Posted on: 31 March 2015Share
In a sexual relationship, it is the responsibility of both partners to divulge if he or she is infected with a sexually transmitted disease, or STD. If you were infected by someone with a STD, you may be able to take legal action against him or her. Whether or not you can depends on the details of your situation.
What Legal Actions Can You Take?
One available option is to contact the police and request that charges are filed against the person who infected you with the STD. Whether or not the prosecutor chooses to file charges depends on a number of factors, including if you were intentionally infected.
You also have the option to file civil charges against the person. When you file civil charges, it means that you are seeking monetary compensation from him or her.
What Do You Have to Prove in a Civil Case?
In a civil case, you have to prove that your sexual partner was negligent. In this instance, your personal injury attorney could argue that your partner failed to disclose that he or she had a STD which led to you being infected.
The failure to alert you of his or her health status could be considered to be a failure to fulfilling a legal obligation to provide care. In personal injury law, duty of care means that a person or company has the legal obligation to do everything within reason to prevent harm or injury of another.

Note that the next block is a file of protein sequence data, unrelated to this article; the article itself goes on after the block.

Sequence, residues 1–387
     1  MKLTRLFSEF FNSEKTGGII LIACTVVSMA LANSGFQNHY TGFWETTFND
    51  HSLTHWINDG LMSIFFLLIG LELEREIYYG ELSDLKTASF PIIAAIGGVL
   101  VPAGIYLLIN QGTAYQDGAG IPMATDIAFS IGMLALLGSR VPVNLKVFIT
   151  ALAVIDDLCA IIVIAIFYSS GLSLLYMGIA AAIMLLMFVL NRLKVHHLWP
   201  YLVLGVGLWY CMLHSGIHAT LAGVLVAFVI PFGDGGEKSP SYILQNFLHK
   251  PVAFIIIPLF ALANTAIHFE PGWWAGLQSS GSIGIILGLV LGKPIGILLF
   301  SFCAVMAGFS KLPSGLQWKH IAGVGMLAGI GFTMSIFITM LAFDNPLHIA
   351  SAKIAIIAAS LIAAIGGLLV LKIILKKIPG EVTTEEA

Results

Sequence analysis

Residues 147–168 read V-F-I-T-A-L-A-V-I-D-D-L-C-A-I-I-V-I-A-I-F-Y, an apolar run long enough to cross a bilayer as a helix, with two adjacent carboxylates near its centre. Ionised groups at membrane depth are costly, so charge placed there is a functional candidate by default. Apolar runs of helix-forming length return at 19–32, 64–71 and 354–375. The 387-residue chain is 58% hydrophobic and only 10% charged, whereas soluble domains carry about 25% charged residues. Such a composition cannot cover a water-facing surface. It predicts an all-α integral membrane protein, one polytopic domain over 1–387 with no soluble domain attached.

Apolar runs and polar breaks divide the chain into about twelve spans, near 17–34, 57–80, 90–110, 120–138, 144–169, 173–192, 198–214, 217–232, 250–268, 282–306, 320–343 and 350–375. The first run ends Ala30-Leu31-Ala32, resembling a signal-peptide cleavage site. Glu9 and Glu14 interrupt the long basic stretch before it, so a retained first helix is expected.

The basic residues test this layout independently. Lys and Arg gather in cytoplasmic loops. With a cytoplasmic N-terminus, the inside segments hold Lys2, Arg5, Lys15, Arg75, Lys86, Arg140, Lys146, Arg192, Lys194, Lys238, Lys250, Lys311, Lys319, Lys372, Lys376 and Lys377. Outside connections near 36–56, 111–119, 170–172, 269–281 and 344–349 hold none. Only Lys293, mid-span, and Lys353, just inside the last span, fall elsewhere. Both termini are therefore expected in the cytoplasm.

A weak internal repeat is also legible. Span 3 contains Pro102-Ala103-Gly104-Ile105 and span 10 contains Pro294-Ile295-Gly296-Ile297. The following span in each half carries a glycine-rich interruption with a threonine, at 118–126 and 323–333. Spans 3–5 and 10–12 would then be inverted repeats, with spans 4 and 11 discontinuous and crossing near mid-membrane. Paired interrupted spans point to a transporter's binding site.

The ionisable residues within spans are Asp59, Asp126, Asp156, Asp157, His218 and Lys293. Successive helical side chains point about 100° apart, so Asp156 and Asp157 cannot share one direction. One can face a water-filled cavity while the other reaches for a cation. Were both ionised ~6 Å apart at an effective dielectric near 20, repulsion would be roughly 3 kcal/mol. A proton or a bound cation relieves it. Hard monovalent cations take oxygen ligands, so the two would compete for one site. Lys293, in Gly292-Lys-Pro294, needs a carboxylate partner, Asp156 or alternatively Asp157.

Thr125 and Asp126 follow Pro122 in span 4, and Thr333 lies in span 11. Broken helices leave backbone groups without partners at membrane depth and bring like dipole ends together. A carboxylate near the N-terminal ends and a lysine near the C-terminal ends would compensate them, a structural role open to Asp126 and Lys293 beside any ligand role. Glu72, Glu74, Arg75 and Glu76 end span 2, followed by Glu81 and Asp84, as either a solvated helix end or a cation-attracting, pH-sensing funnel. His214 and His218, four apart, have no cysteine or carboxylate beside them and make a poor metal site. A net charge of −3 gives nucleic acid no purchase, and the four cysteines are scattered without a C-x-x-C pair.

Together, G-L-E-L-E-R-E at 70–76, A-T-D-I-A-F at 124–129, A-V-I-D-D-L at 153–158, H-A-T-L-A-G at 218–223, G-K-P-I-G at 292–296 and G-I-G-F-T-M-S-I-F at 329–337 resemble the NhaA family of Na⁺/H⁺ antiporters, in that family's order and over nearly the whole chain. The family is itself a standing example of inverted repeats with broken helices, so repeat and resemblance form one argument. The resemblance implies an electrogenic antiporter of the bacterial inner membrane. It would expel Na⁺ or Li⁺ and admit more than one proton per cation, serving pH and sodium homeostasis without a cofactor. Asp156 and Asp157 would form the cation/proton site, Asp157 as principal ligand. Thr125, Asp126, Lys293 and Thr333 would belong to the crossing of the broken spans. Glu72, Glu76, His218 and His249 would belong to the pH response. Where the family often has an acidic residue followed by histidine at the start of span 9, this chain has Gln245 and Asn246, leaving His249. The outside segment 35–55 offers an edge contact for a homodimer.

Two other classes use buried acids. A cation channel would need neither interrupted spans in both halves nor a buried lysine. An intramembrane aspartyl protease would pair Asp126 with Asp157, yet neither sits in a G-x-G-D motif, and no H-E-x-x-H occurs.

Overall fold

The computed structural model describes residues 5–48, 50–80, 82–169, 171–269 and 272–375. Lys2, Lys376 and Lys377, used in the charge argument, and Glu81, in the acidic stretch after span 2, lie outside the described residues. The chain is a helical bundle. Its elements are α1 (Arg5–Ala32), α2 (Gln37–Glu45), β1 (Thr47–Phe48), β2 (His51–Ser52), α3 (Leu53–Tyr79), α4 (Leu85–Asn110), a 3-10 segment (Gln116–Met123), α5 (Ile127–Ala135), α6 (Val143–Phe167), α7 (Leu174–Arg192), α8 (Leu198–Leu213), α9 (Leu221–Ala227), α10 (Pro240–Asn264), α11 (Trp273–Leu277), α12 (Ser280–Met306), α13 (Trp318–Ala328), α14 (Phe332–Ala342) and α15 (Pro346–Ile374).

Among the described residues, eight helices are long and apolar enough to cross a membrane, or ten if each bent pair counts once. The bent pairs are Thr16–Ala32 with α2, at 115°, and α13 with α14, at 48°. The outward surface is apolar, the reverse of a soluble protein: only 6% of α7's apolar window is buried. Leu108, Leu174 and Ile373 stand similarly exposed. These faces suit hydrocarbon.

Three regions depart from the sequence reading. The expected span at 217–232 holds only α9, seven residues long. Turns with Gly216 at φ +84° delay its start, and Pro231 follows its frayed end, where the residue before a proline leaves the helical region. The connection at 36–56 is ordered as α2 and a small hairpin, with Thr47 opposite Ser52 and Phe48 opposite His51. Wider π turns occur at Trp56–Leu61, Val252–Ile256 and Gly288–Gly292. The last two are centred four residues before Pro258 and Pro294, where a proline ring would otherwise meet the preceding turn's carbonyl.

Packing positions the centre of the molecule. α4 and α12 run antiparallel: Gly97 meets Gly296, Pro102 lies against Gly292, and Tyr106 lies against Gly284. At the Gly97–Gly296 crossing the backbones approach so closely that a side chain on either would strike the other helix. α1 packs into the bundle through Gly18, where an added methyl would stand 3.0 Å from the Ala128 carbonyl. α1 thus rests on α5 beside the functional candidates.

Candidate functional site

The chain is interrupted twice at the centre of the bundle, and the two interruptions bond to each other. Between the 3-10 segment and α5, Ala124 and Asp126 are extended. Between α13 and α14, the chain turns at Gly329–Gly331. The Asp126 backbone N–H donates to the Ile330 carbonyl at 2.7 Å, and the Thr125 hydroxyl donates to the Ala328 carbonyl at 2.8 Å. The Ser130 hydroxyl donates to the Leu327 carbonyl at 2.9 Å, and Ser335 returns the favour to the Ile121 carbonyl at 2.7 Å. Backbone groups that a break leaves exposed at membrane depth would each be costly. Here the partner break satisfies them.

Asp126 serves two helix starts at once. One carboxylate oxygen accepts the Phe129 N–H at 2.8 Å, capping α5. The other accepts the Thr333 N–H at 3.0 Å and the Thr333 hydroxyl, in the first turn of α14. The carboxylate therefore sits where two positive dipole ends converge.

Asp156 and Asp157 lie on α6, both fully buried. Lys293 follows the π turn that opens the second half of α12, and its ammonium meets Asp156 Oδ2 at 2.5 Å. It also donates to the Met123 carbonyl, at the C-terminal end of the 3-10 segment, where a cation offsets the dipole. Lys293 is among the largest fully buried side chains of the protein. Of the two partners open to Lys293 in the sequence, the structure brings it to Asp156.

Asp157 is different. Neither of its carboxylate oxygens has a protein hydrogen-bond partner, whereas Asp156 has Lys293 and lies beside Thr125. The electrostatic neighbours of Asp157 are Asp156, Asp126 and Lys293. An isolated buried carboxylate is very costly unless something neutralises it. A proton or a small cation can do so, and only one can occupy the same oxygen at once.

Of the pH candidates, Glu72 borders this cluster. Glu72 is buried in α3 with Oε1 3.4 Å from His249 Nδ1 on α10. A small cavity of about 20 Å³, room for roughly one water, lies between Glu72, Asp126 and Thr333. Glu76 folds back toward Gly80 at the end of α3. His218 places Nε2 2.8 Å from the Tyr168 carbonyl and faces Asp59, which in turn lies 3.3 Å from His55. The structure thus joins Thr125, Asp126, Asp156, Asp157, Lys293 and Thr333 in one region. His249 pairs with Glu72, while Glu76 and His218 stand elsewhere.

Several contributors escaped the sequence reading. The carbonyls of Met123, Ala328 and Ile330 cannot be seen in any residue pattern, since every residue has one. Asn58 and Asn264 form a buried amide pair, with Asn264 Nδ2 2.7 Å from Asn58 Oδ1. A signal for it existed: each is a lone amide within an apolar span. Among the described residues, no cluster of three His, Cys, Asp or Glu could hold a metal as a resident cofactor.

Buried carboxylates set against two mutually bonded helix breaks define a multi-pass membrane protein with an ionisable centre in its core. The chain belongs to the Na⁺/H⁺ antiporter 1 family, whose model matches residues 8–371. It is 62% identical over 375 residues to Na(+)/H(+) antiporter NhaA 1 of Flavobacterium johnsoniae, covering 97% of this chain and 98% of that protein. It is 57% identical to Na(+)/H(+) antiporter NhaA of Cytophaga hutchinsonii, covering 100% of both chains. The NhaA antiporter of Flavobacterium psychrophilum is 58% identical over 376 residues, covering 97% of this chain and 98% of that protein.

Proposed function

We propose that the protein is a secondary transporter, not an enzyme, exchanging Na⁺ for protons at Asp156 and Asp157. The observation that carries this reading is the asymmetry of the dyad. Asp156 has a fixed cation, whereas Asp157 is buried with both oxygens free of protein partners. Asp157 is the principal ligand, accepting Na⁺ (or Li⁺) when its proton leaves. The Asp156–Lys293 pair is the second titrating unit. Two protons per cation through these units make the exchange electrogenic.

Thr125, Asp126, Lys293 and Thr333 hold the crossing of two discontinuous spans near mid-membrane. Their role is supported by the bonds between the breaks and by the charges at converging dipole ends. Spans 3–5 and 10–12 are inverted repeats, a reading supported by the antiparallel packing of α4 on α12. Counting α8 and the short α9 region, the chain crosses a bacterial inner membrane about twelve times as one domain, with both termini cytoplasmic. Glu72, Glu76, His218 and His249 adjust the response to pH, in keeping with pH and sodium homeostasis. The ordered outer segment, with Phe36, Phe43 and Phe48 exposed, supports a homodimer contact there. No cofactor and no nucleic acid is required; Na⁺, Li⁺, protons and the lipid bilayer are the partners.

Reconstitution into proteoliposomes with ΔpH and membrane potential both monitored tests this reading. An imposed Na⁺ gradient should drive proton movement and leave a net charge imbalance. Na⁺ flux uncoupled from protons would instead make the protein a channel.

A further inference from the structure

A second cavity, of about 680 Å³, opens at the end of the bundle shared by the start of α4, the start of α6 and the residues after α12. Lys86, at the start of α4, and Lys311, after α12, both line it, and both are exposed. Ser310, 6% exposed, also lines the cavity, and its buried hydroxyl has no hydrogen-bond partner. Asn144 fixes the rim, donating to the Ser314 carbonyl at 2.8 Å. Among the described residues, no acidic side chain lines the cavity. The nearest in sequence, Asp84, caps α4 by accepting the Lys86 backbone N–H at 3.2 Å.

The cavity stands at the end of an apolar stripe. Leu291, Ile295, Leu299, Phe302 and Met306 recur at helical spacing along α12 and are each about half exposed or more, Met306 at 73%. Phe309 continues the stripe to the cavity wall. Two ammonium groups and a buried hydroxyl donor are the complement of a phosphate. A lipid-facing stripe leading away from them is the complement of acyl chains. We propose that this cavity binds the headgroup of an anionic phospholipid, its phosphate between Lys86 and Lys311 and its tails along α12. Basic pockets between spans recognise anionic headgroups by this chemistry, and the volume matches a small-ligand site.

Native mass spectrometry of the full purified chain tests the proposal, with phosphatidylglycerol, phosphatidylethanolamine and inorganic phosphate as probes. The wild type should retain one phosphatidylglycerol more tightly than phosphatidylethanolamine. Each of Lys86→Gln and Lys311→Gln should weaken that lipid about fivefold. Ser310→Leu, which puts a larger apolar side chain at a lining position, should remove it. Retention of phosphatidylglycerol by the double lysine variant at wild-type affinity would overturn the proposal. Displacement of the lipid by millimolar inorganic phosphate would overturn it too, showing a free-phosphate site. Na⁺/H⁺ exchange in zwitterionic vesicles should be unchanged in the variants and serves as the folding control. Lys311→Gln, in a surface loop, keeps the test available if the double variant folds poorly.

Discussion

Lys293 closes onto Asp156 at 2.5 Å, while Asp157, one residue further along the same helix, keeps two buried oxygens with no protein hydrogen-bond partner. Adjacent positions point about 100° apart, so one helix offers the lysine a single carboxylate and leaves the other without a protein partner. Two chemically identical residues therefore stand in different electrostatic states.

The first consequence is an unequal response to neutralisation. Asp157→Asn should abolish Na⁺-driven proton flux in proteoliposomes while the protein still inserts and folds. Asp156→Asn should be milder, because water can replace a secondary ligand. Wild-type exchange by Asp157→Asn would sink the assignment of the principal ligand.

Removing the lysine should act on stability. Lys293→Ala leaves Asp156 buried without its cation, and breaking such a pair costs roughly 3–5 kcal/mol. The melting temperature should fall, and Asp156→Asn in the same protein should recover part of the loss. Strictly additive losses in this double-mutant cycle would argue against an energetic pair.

You could also argue that your partner's actions resulted in civil battery. In this instance, you are arguing that by not refraining from having sex with you, he or she intentionally and harmfully had contact with you.
What Damages Could You Claim?
One of the most obvious damages you could sue for are your medical bills. Everything from the tests used to diagnose you to the treatments you underwent are recoverable. In addition to that, you could also sue for emotional distress.
Discovering that you have a STD can be traumatic. Between worrying about what it could mean for you medically to how it will impact your future relationships, you could suffer distress.
Additional damages, such as lost wages and loss of companionship, might also apply depending on the details.
The best way to judge whether or not you have a case against a former partner is to talk to a personal injury lawyer such as Dennis Kucera, Attorney At Law. The lawyer is most familiar with state laws, other cases in your area involving STDs, and what you need to prove to win.